This morning I have a coffee from Papua New Guinea, presented to me by Clean Coffee Co. Check out the links below and let’s drink some coffee!
CLEAN COFFEE CO. PACIFIC HIGHLANDS BLEND
As I proofread my article I realized that the coffee headline is buried DEEP in this article! TLDR version: the coffee is actually really tasty and I enjoyed it but I waxed eloquently about marketing, strategy, etc etc so skip to the last couple paragraphs if you’re one of those weirdos who actually came here to read about coffee! LOL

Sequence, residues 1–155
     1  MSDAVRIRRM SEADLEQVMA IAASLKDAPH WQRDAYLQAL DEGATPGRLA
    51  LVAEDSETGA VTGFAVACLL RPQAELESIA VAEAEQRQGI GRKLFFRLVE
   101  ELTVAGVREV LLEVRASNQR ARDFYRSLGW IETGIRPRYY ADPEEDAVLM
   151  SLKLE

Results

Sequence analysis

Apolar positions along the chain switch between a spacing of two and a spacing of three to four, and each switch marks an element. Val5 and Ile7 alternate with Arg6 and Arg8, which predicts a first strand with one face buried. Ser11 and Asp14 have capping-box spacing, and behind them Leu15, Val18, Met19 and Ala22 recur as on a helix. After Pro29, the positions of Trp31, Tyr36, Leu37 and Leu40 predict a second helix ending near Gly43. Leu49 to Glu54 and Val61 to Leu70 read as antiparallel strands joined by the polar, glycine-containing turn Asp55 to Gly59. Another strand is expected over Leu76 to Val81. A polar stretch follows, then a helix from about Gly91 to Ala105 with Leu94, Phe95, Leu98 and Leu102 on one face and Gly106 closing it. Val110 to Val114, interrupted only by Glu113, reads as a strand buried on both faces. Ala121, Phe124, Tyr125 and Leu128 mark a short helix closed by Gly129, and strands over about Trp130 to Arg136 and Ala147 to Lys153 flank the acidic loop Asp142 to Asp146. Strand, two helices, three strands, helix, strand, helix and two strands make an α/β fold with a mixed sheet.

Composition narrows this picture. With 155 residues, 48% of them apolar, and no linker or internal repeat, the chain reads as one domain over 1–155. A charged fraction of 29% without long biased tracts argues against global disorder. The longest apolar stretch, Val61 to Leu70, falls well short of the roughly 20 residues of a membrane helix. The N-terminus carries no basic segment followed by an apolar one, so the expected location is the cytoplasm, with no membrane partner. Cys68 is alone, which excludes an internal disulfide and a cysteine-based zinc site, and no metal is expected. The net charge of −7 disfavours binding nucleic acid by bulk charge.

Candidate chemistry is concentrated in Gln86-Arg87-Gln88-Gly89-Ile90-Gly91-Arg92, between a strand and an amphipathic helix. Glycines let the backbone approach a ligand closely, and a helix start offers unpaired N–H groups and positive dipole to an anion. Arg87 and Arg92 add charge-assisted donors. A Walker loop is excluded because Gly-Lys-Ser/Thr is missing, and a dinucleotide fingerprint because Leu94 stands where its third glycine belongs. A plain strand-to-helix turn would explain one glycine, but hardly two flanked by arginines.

As I sat down this morning to write this article I realized how little I know about Clean Coffee Co. or the coffee they sent me to review, so I went on a bit of a research bender. Clean Coffee Co. was started in 2014 by friends, Jarrett Kovics and Jonathan Gosberg. Jarrett lives in Dallas, TX and Jonathan in New York City, so I can only assume Clean Coffee Co. is more of a brand than a full-on coffee company that sources, roasts and sells everything firsthand. This is not uncommon in coffee and in the food and beverage world as a whole. Buying a coffee roaster, renting the space to house it, having all the licenses, electric, gas, maintenance and a million other expenses, not to mention the know-how and time to use the thing, is no small feat. If you want to have a coffee brand but you don’t want to do all of that other stuff yourself then you do what a lot of brands do and you contract the work out. You find an existing coffee roaster who will source your beans, store them, roast them, package them in your packaging and ship them out. Beer brands do this all the time and so do a lot of other industries. It’s smart, but in my opinion it also puts some of these brands at a disadvantage, at least in the specialty market for reasons I’ll expand on further. In the case of Clean Coffee Co., it looks like Jonathan’s background is in PR and business and Jarrett’s name popped up relative to a group of CrossFit gyms in the Dallas area.